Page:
I never got the box full of handmade clothes but I did get some cross stitch samplers which, though hideous, I would never part with.

Thanks for dropping by and I will be sure to try your overdose technique next month. x

Anvilcloud said...

It certainly was a gift of love. How neat that you recognized it even at such a tender age.

dmmgmfm said...


It sounds as if we had similar childhoods. What a great way to grow up. By the way, I still have my Barbie stuff too. :)


I still remember how touched I was when I opened that box. It brings tears to my eyes thinking of it.

Homo Escapeons said...

Pass the Kleenex!
That was a very touching story and I am sure that all of your GI Joes looked fantastic in their new outfits!

dmmgmfm said...

They sure did, especially the evening wear. ;-)

Sometimes Saintly Nick said...

You mom showered her love on you with her own creative skills! I believe that is the best kind of gift in any season.

threecollie said...

That is beautiful. My mom was the same, always giving me dolls and pink clothes until she finally gave up around the time i was ninish. Then I had the best Christmas ever, with a microscope, disecting kit, bird model and the Visible Horse under the tree. Now that worked for me. lol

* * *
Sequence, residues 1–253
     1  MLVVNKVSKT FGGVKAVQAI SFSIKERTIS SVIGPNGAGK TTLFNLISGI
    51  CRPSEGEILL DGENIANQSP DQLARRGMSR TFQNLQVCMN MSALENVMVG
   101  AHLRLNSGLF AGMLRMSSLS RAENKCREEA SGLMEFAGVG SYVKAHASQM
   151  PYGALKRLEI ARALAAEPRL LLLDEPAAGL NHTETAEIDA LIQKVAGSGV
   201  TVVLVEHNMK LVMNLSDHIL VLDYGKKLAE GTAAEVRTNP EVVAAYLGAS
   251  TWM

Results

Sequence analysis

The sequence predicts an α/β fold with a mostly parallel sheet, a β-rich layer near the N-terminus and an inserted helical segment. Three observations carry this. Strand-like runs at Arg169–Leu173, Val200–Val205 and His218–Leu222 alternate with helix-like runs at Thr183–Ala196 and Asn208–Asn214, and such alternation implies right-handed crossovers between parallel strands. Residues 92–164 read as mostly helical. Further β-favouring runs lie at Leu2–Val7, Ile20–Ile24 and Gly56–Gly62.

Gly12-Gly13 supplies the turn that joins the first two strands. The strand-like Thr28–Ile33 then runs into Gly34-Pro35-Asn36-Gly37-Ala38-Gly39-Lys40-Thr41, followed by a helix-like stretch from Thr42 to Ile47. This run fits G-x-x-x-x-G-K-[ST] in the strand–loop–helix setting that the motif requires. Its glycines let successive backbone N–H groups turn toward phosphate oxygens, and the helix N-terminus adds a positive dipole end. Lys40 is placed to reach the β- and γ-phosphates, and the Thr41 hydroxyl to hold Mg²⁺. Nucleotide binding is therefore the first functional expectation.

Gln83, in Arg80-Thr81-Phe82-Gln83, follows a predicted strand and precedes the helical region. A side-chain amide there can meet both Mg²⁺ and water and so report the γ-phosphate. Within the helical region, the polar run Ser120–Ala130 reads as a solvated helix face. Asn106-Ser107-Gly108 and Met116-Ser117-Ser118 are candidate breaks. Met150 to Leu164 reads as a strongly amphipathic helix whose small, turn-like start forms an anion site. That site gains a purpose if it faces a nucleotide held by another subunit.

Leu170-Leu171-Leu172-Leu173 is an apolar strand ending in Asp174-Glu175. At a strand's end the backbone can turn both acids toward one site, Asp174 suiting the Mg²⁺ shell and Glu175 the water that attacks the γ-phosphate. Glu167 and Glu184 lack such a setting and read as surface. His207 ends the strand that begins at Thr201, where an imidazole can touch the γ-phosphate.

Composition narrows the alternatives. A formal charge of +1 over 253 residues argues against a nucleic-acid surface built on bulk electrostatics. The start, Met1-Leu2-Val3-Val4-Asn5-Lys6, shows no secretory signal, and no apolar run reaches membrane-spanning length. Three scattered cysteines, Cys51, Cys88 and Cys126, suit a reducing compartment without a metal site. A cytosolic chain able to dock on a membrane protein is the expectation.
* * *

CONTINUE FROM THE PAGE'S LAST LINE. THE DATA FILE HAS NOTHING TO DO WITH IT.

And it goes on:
dmmgmfm said...

Nick, Mom was a wonderful, loving, giving person. I treasure her memory.

Threecollie, Mom never gave up on me. In her last several years of life she bought me full sets of dishes, cutlery, pots and pans and the like. Bless her heart, she never gave up on me. Don't get me wrong though, mom wasn't a girlie girl herself. She owned and ran a hardware store. She cut glass and threaded pipe. She was quite amazing.

Cathy said...

Wow - I'm glad I kept scrolling down - Laurie - this is a beautiful, lovely narrative. Just so tender. And my gosh - it just brought back a memory of the clothes my Aunt Marie made for my doll Maureen as a Christmas present. I'll bet I was abouat your age when your mom made yours. I'm heading into the basement today to see if I can locate them.

dmmgmfm said...

Cathy, I hope you find the clothes your Aunt Marie made for your doll. I still have the dolls, the car, the dream house and the clothes. I'll never give them up.

Courtney said...

Our mom's sound very similar -- renaissance women!

I never had a lot of Barbies, after my parents divorced when I was four times got very hard. I never really wanted the Barbies, because I wasn't very girlie, either. I guess I just wanted the Barbie name, and to have the same things other children had. Poor is difficult to understand when you're four, I guess.

My mom loved to sew clothes for my other, bigger dolls, too. But I prefered to put them on my cat! And yes, I still have them. I also have the raggedy ann that she made for me, I couldn't, wouldn't part with it.

I'm not a psychotic, er, avid Barbie collector, but I couldn't pass on the Bewitched and Faye Wray Barbies -- they go in our toy room with all of Dan's action figures! :)